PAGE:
The St. Laurent gin distilled with seaweed from the Saint-Laurent River
There are probably as many gin recipes as there are distillers but you have to find the perfect combination for a good tasting. A team from Bas-Saint-Laurent relied on seaweed, a product of an unknown marine terroir. With a subtle hue, but very present. The bottles of St. Laurent gin carefully aligned on the display all contain a liquid with green highlights.
“Our gin is one of the few that are not sweet, but rather salty, like the river,” says Jean-François Cloutier, co-founder of the distillery and responsible for production.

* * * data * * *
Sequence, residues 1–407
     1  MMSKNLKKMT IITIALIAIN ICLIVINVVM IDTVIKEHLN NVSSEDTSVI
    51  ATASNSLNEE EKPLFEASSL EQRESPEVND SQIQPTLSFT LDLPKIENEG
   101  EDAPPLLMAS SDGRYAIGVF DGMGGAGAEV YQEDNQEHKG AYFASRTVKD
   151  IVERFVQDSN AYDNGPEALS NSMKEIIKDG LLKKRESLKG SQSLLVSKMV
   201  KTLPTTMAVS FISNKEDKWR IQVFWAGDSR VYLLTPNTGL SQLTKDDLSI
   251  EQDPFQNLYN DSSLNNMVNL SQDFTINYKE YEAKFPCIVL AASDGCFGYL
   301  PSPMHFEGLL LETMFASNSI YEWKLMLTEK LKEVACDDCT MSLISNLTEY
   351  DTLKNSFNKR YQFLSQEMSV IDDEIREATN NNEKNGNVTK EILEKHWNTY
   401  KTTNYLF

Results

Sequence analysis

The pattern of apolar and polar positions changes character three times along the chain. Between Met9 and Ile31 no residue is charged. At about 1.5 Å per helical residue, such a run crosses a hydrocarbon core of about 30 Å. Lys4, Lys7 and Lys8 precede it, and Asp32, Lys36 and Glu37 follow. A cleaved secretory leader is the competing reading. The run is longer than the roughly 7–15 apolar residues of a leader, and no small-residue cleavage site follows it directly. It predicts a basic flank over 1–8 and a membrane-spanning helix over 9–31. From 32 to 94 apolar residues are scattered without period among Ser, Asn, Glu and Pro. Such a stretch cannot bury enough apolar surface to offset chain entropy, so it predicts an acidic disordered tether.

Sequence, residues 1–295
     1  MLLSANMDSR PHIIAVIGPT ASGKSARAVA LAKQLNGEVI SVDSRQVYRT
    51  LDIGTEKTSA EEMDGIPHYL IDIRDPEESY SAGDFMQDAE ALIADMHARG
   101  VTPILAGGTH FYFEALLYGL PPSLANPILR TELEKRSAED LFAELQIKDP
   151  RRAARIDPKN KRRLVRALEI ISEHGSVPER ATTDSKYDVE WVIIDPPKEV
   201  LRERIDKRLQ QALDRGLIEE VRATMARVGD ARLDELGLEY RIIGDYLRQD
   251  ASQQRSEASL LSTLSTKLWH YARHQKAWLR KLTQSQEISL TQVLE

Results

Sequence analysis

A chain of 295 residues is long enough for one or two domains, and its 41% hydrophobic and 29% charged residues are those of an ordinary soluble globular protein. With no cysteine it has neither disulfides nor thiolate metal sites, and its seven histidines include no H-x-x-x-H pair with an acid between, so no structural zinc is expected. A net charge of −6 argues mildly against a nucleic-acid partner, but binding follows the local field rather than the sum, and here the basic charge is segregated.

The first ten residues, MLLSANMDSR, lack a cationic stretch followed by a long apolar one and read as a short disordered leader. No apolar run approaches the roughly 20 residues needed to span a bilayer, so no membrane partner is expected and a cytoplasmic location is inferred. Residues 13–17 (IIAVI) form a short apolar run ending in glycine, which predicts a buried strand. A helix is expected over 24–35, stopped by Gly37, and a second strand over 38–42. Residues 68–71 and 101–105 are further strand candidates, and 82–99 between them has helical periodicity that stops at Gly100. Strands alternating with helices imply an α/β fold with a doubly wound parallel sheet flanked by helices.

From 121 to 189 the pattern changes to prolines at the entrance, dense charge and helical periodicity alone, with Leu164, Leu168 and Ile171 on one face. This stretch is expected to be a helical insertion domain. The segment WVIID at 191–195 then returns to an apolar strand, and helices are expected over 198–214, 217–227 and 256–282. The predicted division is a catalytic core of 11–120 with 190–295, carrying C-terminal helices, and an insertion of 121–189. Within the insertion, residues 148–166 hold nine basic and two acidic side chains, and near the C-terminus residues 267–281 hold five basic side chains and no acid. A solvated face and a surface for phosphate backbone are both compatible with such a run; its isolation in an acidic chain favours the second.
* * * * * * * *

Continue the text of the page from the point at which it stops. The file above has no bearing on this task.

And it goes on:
Bingo: this slightly smoky, strong iodine flavor was what they were looking for to stand out while anchoring in the Quebec terroir as this large brown seaweed, which looks like giant lasagna leaves, is particularly abundant in the Saint -Laurent, from Rimouski to Gaspé.
Nevertheless, even though it has been very successful thanks to seaweed – some 100,000 bottles of seaweed gin have been sold to date – the St. Lawrence Distillery is now turning to products without algae. This pioneer of microdistilleries in Quebec has been selling a white corn whiskey, Moonshine, since last year, and in 2017 launched the production of a whiskey aged three years in oak barrels, the first bottles of which can be tasted in 2020.
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